sector participation in established governance bodies, especially the National Anti-
Poverty Commission/NAPC and local development councils?)

2.3 To raise sufficient resources and ensure proper allocation and spending of public
resources for priority programs (e.g., What is the NC’s plan for raising public revenues
and what are the priority programs on which public resources will be allocated? How
will s/he ensure transparency and accountability in the management of the national

2.4 To raise employment, productivity (especially in the rural areas) and ensure fair
distribution of public resources and the assets and benefits of production (e.g., What is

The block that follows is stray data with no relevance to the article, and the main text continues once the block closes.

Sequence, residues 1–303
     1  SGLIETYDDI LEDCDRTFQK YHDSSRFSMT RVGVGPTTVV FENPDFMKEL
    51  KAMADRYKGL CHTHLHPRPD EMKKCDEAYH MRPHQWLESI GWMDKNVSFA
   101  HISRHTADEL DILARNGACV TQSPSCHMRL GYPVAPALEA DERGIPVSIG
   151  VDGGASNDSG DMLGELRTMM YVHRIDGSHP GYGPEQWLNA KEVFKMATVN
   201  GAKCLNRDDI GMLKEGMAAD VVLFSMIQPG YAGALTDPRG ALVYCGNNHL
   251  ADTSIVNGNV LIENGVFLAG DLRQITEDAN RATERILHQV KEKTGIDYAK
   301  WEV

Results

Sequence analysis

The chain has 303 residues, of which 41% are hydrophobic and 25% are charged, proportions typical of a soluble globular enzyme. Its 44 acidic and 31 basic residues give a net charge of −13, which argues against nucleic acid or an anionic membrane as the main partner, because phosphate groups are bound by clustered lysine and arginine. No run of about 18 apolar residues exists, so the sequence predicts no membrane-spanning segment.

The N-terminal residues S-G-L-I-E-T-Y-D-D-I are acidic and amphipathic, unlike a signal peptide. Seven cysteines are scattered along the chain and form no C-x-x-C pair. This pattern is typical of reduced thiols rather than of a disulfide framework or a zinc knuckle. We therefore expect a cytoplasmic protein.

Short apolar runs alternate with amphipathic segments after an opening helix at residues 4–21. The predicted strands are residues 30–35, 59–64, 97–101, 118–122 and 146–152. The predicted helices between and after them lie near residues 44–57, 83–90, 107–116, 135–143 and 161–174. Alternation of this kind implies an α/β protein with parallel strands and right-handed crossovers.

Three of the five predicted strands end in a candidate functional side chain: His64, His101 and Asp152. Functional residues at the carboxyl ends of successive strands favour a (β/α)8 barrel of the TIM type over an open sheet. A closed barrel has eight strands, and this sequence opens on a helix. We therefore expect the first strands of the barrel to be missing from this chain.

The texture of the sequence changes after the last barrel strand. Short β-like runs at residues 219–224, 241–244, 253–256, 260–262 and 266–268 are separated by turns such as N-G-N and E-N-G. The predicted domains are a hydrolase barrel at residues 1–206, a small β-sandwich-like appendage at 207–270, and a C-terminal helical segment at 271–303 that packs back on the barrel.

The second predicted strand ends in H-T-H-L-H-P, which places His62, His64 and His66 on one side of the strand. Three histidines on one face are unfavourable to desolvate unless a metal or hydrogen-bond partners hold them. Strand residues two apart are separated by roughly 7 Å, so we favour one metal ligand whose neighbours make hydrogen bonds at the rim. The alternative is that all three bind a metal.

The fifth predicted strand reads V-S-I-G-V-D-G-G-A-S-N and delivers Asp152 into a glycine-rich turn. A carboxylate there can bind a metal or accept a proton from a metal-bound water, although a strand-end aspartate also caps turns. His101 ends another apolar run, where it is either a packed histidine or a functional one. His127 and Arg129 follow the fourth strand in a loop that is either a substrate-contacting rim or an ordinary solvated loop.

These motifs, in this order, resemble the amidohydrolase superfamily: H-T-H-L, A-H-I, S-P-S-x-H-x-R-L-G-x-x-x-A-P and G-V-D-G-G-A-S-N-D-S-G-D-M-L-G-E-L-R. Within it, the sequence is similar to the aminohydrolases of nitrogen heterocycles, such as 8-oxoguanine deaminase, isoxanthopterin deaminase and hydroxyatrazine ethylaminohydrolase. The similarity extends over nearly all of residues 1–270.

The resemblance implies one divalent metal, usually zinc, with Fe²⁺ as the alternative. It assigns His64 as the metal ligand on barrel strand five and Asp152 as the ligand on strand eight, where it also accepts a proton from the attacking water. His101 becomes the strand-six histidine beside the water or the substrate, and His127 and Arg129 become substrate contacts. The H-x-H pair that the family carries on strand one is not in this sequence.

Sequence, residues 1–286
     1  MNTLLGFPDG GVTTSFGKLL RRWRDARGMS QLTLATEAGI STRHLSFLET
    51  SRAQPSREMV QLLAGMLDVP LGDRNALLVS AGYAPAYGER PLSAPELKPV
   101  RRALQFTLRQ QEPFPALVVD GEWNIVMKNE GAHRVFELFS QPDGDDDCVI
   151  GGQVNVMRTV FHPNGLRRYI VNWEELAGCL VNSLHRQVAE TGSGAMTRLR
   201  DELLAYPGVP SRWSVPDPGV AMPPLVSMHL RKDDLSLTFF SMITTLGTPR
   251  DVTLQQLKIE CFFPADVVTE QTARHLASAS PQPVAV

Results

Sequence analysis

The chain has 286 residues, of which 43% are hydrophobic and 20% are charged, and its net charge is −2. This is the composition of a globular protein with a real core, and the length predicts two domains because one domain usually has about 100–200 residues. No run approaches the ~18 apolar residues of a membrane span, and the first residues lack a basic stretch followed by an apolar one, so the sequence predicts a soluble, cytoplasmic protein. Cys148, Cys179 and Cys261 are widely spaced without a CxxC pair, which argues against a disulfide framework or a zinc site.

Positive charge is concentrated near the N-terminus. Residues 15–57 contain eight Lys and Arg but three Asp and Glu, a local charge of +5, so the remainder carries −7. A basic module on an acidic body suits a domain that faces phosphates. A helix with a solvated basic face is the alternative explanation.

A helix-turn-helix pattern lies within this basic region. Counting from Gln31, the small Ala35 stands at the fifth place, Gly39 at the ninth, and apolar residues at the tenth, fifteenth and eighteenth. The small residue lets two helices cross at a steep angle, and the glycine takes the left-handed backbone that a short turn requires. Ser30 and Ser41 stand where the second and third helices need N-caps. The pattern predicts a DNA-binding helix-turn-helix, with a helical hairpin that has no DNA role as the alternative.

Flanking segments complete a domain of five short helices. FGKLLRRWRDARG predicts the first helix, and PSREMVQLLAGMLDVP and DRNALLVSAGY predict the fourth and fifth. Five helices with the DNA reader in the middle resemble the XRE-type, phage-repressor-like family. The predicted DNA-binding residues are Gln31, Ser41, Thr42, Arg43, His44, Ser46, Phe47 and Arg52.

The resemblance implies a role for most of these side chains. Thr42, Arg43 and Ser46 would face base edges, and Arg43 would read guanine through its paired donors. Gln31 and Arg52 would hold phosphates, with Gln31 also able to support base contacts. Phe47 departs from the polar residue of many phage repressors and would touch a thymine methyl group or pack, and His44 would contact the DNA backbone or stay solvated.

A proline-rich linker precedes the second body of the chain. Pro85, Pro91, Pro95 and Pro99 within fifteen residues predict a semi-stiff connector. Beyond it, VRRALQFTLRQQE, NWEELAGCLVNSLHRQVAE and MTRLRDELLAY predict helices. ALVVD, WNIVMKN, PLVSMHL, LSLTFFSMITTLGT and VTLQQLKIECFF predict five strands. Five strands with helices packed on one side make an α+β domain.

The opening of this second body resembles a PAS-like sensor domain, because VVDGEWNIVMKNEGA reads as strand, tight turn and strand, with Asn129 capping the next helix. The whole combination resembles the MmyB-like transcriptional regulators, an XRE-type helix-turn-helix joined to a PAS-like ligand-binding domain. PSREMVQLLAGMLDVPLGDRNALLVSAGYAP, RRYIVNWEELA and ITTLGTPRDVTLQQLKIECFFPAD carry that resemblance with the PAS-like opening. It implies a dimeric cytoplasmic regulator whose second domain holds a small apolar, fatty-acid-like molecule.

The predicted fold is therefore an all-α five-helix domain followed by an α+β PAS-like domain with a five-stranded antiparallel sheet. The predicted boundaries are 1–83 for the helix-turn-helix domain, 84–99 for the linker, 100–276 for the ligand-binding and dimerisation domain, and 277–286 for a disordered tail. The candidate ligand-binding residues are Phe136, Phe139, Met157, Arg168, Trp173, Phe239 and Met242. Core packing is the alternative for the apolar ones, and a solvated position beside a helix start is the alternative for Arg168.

the NC’s plan for raising national productivity, especially in the countryside? How will
s/he generate the needed jobs during this period of crisis? How will the NC ensure that
the costs and benefits of development will be justly shared and the national patrimony
protected? How will s/he push asset reform in his/her “first 100 days”?)

2.5 To ensure social protection for the poorest and most marginalized sectors and
communities (e.g., What is the NC’s proposed program to protect the poorest and weakest

from the onslaught of the global economic recession? How will s/he address the problem
of displaced workers? How will s/he ensure that the specific needs of women, children,
the elderly, and persons with disability will be considered in the design of social
protection programs? Where will the funds come from and how will s/he make sure that
the programs reach the intended beneficiaries?)

2.6 To set the foundation for restoring the peace track with armed parties (e.g., Does the NC